Several companies involved in the front end of the nuclear fuel cycle have announced temporary shutdowns or staffing reductions in response to the COVID-19 pandemic. While the modest increase in uranium spot prices triggered by production cuts could be a silver lining, uranium prices are still below a level that would prompt idled mines to get back in production once public health mandates are lifted.
The uranium market is global, and it should come as no surprise that a global pandemic is having an impact on facilities around the world, including in the following countries.
Canada: Cameco, headquartered in Saskatoon, Saskatchewan, announced on April 8 that uranium hexafluoride (UF6) operations at the company’s Port Hope Conversion Facility in southern Ontario would be shut down for at least four weeks.
“While our fuel services facilities have been able to operate safely, it has become increasingly challenging to maintain a sufficient roster of qualified operators for the UF6 plant,” said Tim Gitzel, Cameco’s president and chief executive officer. “The UF6 plant is designed for continuous operation, and we need to prevent unplanned interruptions arising from personnel shortages. Therefore, after weighing many factors, including the state of the pandemic, we made a measured decision to suspend production in a careful, planned manner at the UF6 plant and the UO3 refinery which feeds it.”
Uranium dioxide production at the Port Hope facility will continue, however, as will fuel pellet and fuel bundle production at Cameco Fuel Manufacturing. “Although they may experience workforce fluctuations as a result of ongoing circumstance, they are better able to adapt quickly to changes in staffing levels and more frequent starts and stops in production if required,” the company said.
Cameco’s decision to stop UF6 production followed a March 23 announcement that it had suspended production at its Cigar Lake uranium mine in northern Saskatchewan for four weeks, citing the difficulty of maintaining social distancing at the remote site accessed by air. The decision to suspend production at Cameco’s Cigar Lake mine was made in conjunction with Orano’s decision to suspend production at its McClean Lake mill, also located in northern Saskatchewan.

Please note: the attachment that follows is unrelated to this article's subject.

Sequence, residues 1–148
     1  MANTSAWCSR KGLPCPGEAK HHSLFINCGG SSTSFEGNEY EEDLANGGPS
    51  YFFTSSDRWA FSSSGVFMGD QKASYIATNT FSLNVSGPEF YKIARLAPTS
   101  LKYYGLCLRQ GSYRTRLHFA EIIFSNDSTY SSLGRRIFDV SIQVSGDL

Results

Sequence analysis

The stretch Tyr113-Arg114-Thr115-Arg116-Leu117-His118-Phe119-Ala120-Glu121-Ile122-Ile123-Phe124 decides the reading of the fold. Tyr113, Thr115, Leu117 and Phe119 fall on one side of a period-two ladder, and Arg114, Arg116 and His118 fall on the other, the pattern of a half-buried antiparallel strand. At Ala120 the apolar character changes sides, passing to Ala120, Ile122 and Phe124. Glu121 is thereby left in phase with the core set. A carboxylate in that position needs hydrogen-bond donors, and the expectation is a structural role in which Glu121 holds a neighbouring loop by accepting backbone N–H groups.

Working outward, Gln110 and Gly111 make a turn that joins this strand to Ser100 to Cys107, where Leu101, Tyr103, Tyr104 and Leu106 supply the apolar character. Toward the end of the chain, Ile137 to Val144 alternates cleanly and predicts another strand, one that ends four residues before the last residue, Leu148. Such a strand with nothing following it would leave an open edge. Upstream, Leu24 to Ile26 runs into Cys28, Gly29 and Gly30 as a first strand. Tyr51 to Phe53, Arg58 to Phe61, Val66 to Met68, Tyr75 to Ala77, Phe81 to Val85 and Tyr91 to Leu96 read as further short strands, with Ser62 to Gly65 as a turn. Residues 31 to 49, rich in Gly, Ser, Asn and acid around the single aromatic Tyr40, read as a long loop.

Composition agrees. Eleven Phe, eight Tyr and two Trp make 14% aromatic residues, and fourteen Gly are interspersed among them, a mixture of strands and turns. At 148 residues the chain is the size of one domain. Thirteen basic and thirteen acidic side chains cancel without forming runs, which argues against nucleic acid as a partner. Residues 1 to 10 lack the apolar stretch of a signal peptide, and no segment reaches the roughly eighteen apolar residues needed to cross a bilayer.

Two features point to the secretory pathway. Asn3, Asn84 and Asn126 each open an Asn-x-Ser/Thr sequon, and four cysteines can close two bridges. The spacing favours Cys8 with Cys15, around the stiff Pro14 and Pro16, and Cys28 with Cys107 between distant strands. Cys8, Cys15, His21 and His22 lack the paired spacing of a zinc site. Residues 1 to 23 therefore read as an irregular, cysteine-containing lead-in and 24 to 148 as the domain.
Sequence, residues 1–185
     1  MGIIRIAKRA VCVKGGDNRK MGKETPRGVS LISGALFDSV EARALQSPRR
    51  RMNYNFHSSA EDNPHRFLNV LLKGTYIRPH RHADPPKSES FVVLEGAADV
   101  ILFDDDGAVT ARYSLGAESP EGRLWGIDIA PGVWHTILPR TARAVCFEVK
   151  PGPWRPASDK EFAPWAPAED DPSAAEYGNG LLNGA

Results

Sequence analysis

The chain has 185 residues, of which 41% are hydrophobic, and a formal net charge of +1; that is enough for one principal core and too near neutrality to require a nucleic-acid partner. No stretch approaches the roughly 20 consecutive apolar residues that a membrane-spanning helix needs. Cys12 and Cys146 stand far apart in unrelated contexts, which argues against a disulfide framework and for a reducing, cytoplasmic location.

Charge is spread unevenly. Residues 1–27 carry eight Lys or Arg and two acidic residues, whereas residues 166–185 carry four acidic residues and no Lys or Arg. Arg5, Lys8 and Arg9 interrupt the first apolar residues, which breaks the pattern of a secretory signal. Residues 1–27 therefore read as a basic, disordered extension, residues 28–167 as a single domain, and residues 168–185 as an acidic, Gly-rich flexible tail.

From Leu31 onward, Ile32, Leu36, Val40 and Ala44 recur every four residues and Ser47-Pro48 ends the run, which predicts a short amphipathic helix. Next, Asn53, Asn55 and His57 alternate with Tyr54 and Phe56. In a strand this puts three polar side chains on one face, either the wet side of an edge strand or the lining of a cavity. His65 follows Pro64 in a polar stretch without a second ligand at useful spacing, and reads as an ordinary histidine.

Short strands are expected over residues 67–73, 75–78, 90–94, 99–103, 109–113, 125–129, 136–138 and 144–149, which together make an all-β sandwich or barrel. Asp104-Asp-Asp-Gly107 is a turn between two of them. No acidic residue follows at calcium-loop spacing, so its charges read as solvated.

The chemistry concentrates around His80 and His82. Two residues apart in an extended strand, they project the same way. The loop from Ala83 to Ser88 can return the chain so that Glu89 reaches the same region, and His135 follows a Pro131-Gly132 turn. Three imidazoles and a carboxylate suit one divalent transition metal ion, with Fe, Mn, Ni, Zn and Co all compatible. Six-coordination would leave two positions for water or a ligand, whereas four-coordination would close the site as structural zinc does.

United States: Peninsula Energy’s managing director and CEO, Wayne Heili, said in a press release issued on April 6 that Peninsula would suspend nonessential activities at the Lance in situ recovery (ISR) project in Wyoming.
“The company has assessed the ongoing workstreams at the Lance Project and has made the prudent decision to suspend until further notice any nonessential site activities, including the well completion work and the commencement of a field demonstration,” Heili said.
Peninsula is hoping that the Nuclear Fuel Working Group established by the Trump administration in July 2019 will catalyze future production. “We are not anticipating any development on this front in the near term while the U.S. federal government prioritizes management of COVID-19, but U.S. government officials continue to affirm the national importance of preserving a domestic uranium production capacity,” Heili said.
Silex Systems announced an initial COVID-19 response plan on March 26 that included the suspension of operations at Global Laser Enrichment’s Wilmington, N.C., test loop .
Uranium Energy Corporation announced on March 20 that it had arranged for its teams, including staff based in Corpus Christi, Texas, to work remotely. The company has postponed plans to resume a drilling program at the Burke Hollow ISR project in Texas.
Kazakhstan:Kazatomprom announced on April 7 that staffing at its uranium mining and production sites would be reduced to minimum levels. The staffing reduction is expected to remain in place for three months, and 2020 annual production is expected to decrease by up to 4,000 metric tons (about 17.5 percent) from previous expectations of 22,750–22,800 metric tons. An earlier announcement, issued on March 16, described preventive measures, including remote work and travel limitations.
Namibia: Deep Yellow Limited said that COVID-19 is expected to have minimal impact on its mining operations in Namibia. “The Namibian government has instituted a 21-day lockdown, which is in place until April 17. . . . However, mining and related industries have been declared as critical services. The specific details of this are currently being finalized with the relevant ministries and input from the Chamber of Mines, following submissions by the industry, including Deep Yellow,” the company said in an April 6 press release.